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User evaluation of a home-monitoring kit for patients with diabetes

Funding from North Staffordshire Medical Institute £11,000

Lead Applicant: Kathryn Ford
Host Institution: University Hospitals of North Midlands NHS Trust

Project summary 

Patients with diabetes receive regular health monitoring checks to help manage their condition.  Haemoglobin A1c (HbA1c) is a blood test which is used as the main marker of diabetes control.  National Institute for Health and Care Excellence guidelines suggest HbA1c should be tested every 3-6 months. However, over half of all HbA1c blood samples received at UHNM have been shown to be outside of this timeframe.  This sub-optimal monitoring is associated with poorer diabetes control and reduced likelihood of achieving treatment target levels. 


To address this problem, the UHNM Clinical Biochemistry Laboratory Research Team looked to optimise testing frequency by reducing the inconvenience of attending blood test appointments. This was done through the utilisation of a dried blood spot (DBS) sample, which can be collected by the patient, at home, and then posted back to the laboratory for measurement of HbA1c. The DBS HbA1c result is comparable to the usual liquid blood result from the same patient.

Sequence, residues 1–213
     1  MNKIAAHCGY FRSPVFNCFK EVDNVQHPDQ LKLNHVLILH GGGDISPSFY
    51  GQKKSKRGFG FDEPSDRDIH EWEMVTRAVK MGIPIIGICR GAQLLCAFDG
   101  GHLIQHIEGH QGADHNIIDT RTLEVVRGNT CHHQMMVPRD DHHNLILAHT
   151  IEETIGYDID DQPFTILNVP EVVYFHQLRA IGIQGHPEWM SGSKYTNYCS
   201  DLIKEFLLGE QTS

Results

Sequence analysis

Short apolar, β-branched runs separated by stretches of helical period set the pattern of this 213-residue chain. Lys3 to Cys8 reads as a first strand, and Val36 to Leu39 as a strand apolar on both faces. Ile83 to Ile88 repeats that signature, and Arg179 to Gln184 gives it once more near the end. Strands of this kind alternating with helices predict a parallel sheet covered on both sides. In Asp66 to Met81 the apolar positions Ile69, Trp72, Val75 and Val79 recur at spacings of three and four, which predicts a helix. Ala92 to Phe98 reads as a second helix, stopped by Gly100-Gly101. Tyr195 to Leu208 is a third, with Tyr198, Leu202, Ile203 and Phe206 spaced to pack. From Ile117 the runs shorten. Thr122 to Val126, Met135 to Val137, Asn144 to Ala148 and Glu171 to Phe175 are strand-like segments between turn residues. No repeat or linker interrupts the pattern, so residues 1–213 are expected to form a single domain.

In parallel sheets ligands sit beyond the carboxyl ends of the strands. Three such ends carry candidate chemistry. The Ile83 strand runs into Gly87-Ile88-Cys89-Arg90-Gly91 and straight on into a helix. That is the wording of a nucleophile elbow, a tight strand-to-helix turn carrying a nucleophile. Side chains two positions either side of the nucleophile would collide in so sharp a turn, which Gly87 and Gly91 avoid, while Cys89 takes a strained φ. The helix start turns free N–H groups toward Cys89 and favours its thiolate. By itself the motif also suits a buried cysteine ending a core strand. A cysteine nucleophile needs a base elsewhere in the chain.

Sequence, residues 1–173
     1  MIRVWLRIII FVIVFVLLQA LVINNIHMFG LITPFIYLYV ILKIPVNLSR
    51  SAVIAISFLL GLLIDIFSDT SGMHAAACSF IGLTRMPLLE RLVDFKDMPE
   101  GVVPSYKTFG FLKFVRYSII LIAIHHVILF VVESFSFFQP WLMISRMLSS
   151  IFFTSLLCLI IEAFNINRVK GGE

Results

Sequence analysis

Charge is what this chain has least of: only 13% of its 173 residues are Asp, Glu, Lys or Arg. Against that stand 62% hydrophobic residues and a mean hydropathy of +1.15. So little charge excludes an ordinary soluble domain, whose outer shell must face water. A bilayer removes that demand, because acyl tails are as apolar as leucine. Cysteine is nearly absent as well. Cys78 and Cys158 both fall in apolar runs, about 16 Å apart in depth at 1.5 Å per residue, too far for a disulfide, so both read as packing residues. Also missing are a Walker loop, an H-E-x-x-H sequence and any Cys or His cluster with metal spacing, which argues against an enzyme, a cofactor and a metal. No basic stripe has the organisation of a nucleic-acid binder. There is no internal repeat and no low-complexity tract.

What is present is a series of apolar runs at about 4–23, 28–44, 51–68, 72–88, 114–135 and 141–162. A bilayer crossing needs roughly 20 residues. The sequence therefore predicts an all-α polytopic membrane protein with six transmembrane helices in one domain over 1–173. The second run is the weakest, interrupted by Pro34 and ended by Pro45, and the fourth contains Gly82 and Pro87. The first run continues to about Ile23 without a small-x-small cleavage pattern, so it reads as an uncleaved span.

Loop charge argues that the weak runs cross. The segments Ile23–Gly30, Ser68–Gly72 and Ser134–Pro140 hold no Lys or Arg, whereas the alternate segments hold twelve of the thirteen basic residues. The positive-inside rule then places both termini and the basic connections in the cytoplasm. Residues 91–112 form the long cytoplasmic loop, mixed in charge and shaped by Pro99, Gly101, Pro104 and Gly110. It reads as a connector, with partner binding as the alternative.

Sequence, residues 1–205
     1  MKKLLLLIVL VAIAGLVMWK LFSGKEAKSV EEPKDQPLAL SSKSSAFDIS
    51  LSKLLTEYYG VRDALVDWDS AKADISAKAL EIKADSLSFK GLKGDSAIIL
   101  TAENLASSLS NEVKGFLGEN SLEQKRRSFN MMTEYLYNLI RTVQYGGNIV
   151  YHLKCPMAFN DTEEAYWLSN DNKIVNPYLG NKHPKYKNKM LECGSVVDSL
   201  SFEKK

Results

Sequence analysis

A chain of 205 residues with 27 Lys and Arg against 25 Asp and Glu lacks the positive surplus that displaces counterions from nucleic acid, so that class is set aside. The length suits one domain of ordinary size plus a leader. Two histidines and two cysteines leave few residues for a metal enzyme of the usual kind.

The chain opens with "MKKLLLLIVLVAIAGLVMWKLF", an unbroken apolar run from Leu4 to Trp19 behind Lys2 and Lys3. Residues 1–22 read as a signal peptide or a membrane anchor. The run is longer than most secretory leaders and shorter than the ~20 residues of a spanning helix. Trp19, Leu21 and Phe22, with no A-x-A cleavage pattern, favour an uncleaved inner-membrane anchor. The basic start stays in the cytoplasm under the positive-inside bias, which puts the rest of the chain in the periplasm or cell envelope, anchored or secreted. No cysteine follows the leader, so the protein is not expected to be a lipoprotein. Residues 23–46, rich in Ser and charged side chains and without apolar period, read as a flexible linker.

Aim:  To co-develop and evaluate a home-collection kit for HbA1c. 

Plan: We will work alongside people with diabetes to develop the DBS collection kit and then run a pilot study, whereby patients with diabetes will collect DBS samples at home and post them to the laboratory for analysis. They will complete a questionnaire to gather feedback on HbA1c monitoring and the acceptability of the home-collection kit.


This 2 year project (3 months study set-up, 9 months kit development, 6 months data collection, 4 months analysis and write up) will lead to a home-collection kit that aims to: 


  • Optimise the testing frequency of patients  
  • Improve patient convenience  
  • Empower patients to self-manage their condition 
  • Reduce the need for hospital appointments